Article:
Table 1 summarizes the workflows described above. In Table 1 “s_int_inst_ss_d” and “s_int_inst_ss” are columns in the snapshot table that store keys used to identify the object being stored. These keys are used for the snapshot and other services so that the proper object in the snapshot table are accessed.

TABLE 1
Workflows Arguments Actions and/or Expected Results
Original Instance a) Existing integration object a) A new record is added to
Pre-Update Event b) Non-existing integration object s_int_inst_ss_d and s_int_inst_ss
Workflow (IsPublished = false) accordingly
FIG. 5 b) No record is added to
s_int_inst_ss_d and s_int_inst_ss
Original Instance a) channel name = test, snapshot a) For each record in s_int_inst_ss,
Objects Publisher type = “incremental by a specified workflow is called
Workflow component”, a valid workflow b) Display error message
FIG. 11 name
b) A non-existing workflow
Original Instance a) Integration object exists and the a) The snapshot of the integration
Single Object snapshot is changed. object is sent out. Verify this by
Publisher Workflow b) A non-existing integration object seeing a message on the specified
FIG. 10 c) Snapshot is not changed queue. Publish_flg is set to be
d) Testing begin-trans and end-trans ‘Y’ for the given integration
object in s_int_inst_ss table
b) Workflow skips the remaining
steps and jumps to end-step.
Error is logged.
c) Workflow skips the remaining
steps and jumps to end-step.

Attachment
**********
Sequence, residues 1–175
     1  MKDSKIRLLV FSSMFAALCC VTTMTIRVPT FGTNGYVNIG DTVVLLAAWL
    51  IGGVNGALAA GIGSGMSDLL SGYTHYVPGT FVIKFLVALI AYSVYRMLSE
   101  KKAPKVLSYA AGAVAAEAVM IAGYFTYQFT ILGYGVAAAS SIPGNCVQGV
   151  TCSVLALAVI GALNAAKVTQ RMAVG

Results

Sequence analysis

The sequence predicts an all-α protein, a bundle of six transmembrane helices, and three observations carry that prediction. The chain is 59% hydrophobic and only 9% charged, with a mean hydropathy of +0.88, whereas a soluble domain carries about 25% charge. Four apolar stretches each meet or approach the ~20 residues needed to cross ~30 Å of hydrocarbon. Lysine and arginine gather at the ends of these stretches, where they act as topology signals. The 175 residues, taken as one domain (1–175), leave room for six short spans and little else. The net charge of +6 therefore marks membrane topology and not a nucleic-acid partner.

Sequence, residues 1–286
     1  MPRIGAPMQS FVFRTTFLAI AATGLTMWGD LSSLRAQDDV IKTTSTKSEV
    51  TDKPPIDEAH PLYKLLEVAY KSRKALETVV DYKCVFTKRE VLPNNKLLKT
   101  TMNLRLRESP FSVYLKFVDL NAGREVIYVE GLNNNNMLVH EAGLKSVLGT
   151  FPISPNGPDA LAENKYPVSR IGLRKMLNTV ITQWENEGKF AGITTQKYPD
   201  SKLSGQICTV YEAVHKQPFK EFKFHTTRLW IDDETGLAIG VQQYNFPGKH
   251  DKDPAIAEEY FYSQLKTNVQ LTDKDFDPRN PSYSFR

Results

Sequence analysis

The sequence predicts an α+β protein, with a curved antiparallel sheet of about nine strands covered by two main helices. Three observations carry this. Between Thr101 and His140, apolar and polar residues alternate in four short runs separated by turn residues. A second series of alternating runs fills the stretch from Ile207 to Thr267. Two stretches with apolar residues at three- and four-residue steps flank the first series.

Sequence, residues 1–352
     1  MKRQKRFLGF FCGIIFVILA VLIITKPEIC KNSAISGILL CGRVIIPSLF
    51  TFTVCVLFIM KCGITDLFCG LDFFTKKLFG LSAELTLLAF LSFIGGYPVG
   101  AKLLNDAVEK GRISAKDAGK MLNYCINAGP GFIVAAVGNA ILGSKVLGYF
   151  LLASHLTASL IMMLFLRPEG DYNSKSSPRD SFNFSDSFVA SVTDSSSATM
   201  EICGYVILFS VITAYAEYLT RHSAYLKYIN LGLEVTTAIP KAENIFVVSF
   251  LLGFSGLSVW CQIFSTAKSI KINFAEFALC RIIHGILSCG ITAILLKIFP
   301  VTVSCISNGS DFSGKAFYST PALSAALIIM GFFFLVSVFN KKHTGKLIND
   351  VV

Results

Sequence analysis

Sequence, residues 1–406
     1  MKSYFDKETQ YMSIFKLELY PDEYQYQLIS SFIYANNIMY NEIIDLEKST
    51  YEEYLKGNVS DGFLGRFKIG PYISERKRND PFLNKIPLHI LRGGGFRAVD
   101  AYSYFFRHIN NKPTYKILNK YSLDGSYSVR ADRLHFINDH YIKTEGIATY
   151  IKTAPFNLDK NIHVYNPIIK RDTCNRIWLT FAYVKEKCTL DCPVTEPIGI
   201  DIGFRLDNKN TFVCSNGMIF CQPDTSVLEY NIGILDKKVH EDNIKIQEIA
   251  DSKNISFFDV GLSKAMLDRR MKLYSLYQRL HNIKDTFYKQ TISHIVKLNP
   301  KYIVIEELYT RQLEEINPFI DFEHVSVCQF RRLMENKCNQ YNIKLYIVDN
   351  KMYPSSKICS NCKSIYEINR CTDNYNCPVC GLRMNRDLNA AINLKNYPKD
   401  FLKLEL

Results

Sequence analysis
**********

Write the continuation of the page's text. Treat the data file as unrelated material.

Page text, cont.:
Error is logged.
d) Enqueue-send( ) and
updateSnapshot should be in one
transaction. If error occurs in
either step, rollback properly.
Error is logged.
Original Instance a) The requested integration object a) A message containing this
Out-of-Band snapshot exists and is changed. integration object is sent to the
Receiver Workflow b) The requested integration object specified queue.
FIG. 9 snapshot does not exist. For b), c) and d), a proper error
c) The requested integration object message is sent to the specified
does not exist. queue.
d) The requested integration object
snapshot has not changed.
New Instance Out- a) The requested integration object a) Go to end-step.
of-Band Sender already exists in upgraded b) Go to end-step.
Workflow system. c) When either step fails, update
FIG. 7 b) No integration object snapshot is snapshot and upsert integration
returned from original system. object should be rollback
c) Testing begin-trans and end-trans properly.
New Instance a) The requested integration object a) The s_int_inst_ss_d and
Single Object snapshot does not exist in the s_int_inst_ss is updated properly
Receiver Workflow upgraded system and changed and updated integration object is
FIG. 8 snapshot is sent back from updated in the database.
original system.
New Instance a) The requested integration object a) The s_int_inst_ss_d and
Objects Receiver snapshot does not exist on the s_int_inst_ss is updated properly
Workflow upgraded system. and integration object is updated
FIG. 12 b) The requested integration object or inserted in the database.
already exists on the upgraded b) Go to end step
system.

Each of the steps in the upgrade process shown in FIG. 3 may be implemented using various schemes, and this is within the scope of the invention. Some schemes that may be used for some of the steps are provided below for illustration.